The February Dress

It’s now apparently March, which I think is a bit of a mistake.  Months shouldn’t fly by that quickly and I’ve said this repeatedly but no-one in the Department of Time Speed seems to listen.  Don’t they realise this just makes it next to impossible to get anything done?  And yet, in spite of my (apparently irrelevant) opinions on the matter, we are now in the third month of the year, which also means I’ve reached the third month of my Delightful Dozen Project and I have been remarkably reticent on the whole matter, possibly in an inadvertent attempt to drum up some mystery.  Have I stuck to my plan?  Have two dresses turned up or am I in possession of a stack of material cut into strange shapes?

The quick and boring answer is: Yes, I have stuck to my plan.

But can I prove it?

Indeed, I believe I can prove it, by starting in illogical fashion with my February dress.  Well, I say ‘illogical’ but I can actually list several highly-justifiable reasons for beginning here instead of with my January dress.  Firstly, I made this dress to wear to a friend’s wedding, which means I have a couple of pictures to hand.  Secondly, I have plans to turn my January dress into a skirt, which means it’s not quite as finished as I want it to be.  Or, in fact, it’s more finished than I want it to be and I need to scale it back a bit.

Let’s leave January where it is and head on to February instead.  This is the dress I mentioned in my last post – the one that wasn’t meant to be the dress for the wedding.

The pattern is Butterick 5982.  It’s a simple dress with pleats and gathers on the waist that give it a lovely shape: flat on the front and back with poofiness on the hips.  It’s all about the poofiness with me.  If I had a poofy petticoat, I’d wear that with it, too, because you can never have too much poofiness.  I’d made this pattern before and had to do some serious tweaking to get it to fit, so I knew straight away I’d be cutting the next size down and making some adjustments for a shallow chest.  It worked pretty well, although there’s still a bit of gaping at the neckline (which is also present in the photo of the dress on the pattern packet, so it should have been a bit of a hint).

On the up side, I didn’t have to take the waist in at all this time and I managed to sew the lining in without anything bunching.  A step or two forward!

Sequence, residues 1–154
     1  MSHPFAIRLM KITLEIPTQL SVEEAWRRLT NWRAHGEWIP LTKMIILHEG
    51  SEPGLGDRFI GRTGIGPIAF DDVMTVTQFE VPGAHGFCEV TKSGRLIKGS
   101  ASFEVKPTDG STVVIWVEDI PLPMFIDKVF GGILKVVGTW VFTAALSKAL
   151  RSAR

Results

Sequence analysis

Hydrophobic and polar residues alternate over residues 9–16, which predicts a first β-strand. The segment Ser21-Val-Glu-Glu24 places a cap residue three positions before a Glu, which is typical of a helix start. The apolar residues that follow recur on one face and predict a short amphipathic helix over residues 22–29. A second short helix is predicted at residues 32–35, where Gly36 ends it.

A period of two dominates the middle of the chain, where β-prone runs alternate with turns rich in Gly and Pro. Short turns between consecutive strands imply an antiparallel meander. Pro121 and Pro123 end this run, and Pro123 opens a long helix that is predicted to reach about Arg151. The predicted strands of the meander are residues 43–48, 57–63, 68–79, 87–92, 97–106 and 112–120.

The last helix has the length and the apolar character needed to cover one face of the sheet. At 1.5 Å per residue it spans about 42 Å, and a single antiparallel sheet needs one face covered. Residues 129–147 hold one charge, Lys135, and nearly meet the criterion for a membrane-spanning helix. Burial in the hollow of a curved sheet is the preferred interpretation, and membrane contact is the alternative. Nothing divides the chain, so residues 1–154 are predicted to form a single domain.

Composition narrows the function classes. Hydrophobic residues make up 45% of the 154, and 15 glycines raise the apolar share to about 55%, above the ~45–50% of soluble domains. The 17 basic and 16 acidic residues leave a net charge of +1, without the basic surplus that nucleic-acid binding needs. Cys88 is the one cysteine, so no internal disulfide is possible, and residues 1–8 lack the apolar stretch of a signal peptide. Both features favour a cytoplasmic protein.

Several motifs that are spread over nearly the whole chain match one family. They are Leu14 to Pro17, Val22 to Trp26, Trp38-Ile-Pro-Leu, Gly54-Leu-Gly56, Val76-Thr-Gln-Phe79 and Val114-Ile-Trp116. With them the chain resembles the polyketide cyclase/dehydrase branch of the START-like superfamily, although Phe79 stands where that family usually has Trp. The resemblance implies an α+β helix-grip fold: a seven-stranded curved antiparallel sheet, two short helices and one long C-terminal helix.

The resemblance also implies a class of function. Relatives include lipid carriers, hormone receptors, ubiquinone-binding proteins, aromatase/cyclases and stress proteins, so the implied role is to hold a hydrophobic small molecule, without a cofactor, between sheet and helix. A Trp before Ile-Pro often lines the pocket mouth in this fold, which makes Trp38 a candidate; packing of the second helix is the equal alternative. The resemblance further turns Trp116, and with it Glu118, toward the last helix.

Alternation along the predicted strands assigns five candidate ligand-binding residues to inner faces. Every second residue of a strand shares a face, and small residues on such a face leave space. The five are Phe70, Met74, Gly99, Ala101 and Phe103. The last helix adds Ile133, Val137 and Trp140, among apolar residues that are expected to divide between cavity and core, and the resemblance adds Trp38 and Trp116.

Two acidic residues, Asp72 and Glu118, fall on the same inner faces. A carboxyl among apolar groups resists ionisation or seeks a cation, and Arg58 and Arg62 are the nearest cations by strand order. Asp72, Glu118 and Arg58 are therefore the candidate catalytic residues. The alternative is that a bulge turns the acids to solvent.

I rather like the fact that there’s usually some hand-sewing to do in any given garment.  My cats like it, too, as it gives them an opportunity to curl up and sleep on the garment when it’s vulnerable, thus submitting it to an essential pre-furring process.  This time around, I decided to add an extra element of hand-sewing in the form of a hand-picked zip.  I absolutely detest sewing zips in by machine, if only because I always run out of bobbin thread part-way through.  Always.  There’s nothing better than getting to the end of the zip-sewing process and feeling your elation turn to despair as you realise the bobbin ran out about twenty centimetres ago.  So when I found a tutorial for a hand-picked zip on Sewaholic, I decided it was hand-picked zips all the way for me.  My mum thinks I’m crazy but I love it.  You can hardly see the stitching!  And you can ensure your seams and neckline line up perfectly.  And there are plenty of opportunities for more cat fur to be added, which is just great.

With the zip done, all I had to do was complete the hem and I’d be done.  I did this on the morning we left for the wedding (it was in Canberra, which is around 700kms away from me) and I had a full fifteen minutes to spare in which the dress could be carefully packed away for the trip.  Success!

Finally, this is what we’ve all been waiting for: a little gallery of images, featuring the dress with appropriate commentary.  You can even see the dress in action (with almost invisible zip stitching) towards the end.

So that’s my February dress.  I haven’t decided which dress it will be replacing, but I have a suspicion it might be one with a mad print of palm trees and ukeleles that features sleeves which don’t allow me to raise my arms above roughly waist level.  My next task is to decide on my March dress and soon, because the month will be over some time next week, the rate things are going around here.

0 thoughts on “The February Dress

  1. Totally gorgeous fabric! Very impressed with the hand sewing- I tend to avoid hand sewing on anything other than felt toys ( and then only because I can sort of get away with the whole rustic hand made look!) – because my hand sewing is never neat! Totally with you on the bobbin- running- out thing, soooo annoying. Sewing machines should come with an alarm that says ” purple swirly thing alert – bobbin about to end in 10, 9, 8 etc” or something of that ilk.

    1. I’d love a purple swirly thing alert! The other favourite time for my bobbin to run out is when attaching skirts to bodices, which is almost as wonderful. If I had some advance warning, things would run a lot more smoothly.

  2. Oh that fabric it’s divine! When I grow up (later in the year), I want to be just like you!
    Yes, the months are going well too quickly. I cannot believe we are only 7 days out from the end of the month!

    1. There was no way I could walk past that fabric – I knew it would be perfect the minute I saw it. And thanks! Weirdly, that’s the second time someone’s said that to me this year. It’s certainly something I’ve never expected anyone to say to me at all… 😀

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